All modern web browsers support the idea of ' favourites' or 'bookmarks'. Whatever they call it, they mean the system by which people can remember web pages they want to revisit.
Bookmarks are unique to the computer or browser they have been created with. Anyone can store a bookmark to almost any document on the web, a terribly useful feature that many newcomers to computers don't realise is at their disposal.
Getting to your bookmarks is usually easy; as with many computer features, there are about a dozen different ways of doing the same thing.
Most bookmarks can be reached by clicking the Bookmarks or Favourites menu at the top of the screen; some browsers, like Internet Explorer, will open your bookmarks list in a sidebar. Others, like Firefox, Safari or Camino, will open a new window.
One thing common to many browsers, but often ignored by users, is the 'personal bookmarks bar'. This is a chunk of the browser window, usually located just below the toolbar where the Back and Home buttons live.
You can drag any web link you like on to this bar. The idea is that you use it for super-quick access to your very favourite bookmarks.
Drag them on to the bar, and they're always available with a single click.
But there's something else you can keep on the bookmarks bar which might be even more useful.
Bookmarklets are tiny bits of computer code that can be stored alongside all your other bookmarks.
But instead of taking you to one of your favourite pages, bookmarklets do clever things to the page you're already viewing.
Say you've called up a typical web page but would like to see it without all the images; a bookmarklet called 'Remove images' will reload the page without them.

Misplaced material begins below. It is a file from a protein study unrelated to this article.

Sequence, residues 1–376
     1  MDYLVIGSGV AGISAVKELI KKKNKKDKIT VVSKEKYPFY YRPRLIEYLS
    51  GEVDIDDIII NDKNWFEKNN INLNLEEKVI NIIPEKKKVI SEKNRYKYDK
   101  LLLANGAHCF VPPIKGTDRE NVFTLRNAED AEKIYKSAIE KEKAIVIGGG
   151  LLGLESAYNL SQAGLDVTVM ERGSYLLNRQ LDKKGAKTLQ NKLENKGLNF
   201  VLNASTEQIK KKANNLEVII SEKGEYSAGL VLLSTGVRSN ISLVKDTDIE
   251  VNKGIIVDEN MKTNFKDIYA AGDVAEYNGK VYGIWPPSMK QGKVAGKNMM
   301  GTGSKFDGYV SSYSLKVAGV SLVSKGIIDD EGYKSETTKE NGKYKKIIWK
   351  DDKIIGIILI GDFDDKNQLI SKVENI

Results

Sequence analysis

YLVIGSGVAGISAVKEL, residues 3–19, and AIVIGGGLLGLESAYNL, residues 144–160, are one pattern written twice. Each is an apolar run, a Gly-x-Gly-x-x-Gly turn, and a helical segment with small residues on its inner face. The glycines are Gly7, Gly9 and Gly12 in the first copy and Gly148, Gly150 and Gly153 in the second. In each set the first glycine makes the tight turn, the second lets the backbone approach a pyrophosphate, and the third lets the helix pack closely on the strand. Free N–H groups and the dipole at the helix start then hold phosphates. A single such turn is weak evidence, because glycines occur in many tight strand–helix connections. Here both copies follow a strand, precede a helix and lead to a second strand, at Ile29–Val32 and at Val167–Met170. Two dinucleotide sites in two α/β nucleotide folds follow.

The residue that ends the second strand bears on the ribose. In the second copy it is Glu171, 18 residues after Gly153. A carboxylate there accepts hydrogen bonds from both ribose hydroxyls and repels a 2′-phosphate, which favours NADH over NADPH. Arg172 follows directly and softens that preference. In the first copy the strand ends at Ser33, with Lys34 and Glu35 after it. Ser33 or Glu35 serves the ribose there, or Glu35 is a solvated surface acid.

Another, called 'Remove CSS', will take away all the code that dictates how the page is designed and laid out.
You'll be left with something that looks uglier, but might be easier to read on your screen.
The are hundreds of bookmarklets that do all sorts of clever things.
You can find a list of them at bookmarklets. com although that site is now quite old and might not be up-to-date.
If you're looking for a bookmarklet for a specific task, it's a good idea to Google for it, including the name of the browser you're using, just to see what's available.
I make frequent use of the 'Remove CSS' tool, and the 'Post to Flickr' bookmarklet I found which makes it trivially easy to send a photo from my website to the photo sharing service Flickr.
The last bookmarklet was provided by the team at Flickr, and you should keep your eye out for bookmarklets being devised by online services for your use. Often they are a great time-saver and a terrific way of getting making your browser work harder for you.
* Giles Turnbull has a website at gilest.org